HOME

 

 

    NEWS

INTERVIEWS

RESOURCES

ABOUT

View by:

 SUBJECT

 THEME

QUESTION

  TERM

 PERSON

   EVENT

A. God and Nature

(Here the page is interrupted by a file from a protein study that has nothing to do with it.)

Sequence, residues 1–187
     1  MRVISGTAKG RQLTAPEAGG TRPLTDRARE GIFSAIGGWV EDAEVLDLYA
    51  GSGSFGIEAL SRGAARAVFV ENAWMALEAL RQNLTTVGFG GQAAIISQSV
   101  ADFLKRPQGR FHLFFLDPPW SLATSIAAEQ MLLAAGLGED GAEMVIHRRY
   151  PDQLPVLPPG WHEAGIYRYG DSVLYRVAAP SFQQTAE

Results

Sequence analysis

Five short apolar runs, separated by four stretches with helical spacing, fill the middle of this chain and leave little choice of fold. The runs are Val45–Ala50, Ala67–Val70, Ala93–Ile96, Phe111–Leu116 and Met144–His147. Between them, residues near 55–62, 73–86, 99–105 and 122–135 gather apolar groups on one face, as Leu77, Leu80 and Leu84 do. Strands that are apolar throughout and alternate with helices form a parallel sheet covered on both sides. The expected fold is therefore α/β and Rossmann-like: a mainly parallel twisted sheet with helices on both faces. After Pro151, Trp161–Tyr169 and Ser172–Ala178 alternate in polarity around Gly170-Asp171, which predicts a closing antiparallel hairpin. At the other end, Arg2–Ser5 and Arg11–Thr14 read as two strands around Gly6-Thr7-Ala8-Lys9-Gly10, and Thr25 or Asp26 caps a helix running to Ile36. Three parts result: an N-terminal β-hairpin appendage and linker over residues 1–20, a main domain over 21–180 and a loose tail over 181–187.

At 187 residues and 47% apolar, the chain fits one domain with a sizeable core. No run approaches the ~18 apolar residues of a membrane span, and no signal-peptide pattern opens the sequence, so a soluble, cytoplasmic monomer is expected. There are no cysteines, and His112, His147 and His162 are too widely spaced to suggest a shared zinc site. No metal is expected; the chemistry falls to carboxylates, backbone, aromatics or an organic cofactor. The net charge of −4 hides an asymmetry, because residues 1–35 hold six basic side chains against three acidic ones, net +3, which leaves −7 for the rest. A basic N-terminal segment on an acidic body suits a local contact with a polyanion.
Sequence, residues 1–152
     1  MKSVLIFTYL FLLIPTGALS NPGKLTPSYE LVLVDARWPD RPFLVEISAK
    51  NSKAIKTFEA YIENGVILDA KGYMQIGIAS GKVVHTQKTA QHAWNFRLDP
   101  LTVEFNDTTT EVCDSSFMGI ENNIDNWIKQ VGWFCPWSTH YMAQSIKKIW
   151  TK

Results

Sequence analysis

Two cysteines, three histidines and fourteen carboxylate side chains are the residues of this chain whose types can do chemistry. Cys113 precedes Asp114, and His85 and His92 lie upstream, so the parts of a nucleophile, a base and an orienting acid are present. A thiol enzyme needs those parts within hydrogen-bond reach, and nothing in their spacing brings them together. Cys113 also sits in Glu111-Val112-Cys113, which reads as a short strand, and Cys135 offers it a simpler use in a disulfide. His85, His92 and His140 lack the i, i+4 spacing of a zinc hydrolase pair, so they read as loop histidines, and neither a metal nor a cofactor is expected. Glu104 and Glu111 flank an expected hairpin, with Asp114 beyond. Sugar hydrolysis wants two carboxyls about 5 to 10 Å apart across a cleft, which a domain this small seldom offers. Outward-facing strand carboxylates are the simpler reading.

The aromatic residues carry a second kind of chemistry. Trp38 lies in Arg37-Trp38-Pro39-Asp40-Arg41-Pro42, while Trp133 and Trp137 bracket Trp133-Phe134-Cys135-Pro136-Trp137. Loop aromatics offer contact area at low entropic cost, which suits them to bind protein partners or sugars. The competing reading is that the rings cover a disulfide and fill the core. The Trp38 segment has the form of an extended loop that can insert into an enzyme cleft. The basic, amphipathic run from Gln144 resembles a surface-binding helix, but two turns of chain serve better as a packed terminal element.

The diversity of views regarding the meaning of “God” and the ‘God & nature’ problemmatic that characterize contemporary Christian theology is reflected in, and to some extent has been affected by, the past four decades of discussions about ‘theology and science’. The following is representative, but far from completeAgain I want to stress that this paper is meant as a brief overview of the field heavily restricted due to limitations on space. Nevertheless I hope it is somewhat representative of the broad range of...: neo-Thomism (eg., Michael Buckley, Ann Clifford, George Coyne, Ernan McMullin, Bill Stoeger, Steve Happel); dipolar theism (eg., John Polkinghorne, Tom Tracy); non-process panentheism (eg., Sallie McFague, Arthur Peacocke, Phil Clayton, Rosemary Radford Ruether); process panentheism (eg., Charles Hartshorne, Ian Barbour, Charles Birch, David Griffin, John B. Cobb, Jr., Marjorie Suchocki); Trinitarian theism (eg., Phil Hefner, Denis Edwards, Elizabeth Johnson, Wolfhart Pannenberg, Jürgen Moltmann, Ted Peters, Tom Tracy); feminist theology (eg., Clifford, Johnson, McFague, Ruether, Suchocki); liberation theology (eg., Moltmann, Juan Luis Segundo); evangelical theology (eg., Nancey Murphy, William Craig, Walter Hearne, Howard van Till, Richard Bube); kenotic theology (eg., Murphy, Ellis, Peacocke, Polkinghorne, Barbour); British natural theology (Peacocke, Polkinghorne); theism/naturalism (eg., Willem B. Drees, Ralph Burhoe, Paul Davies).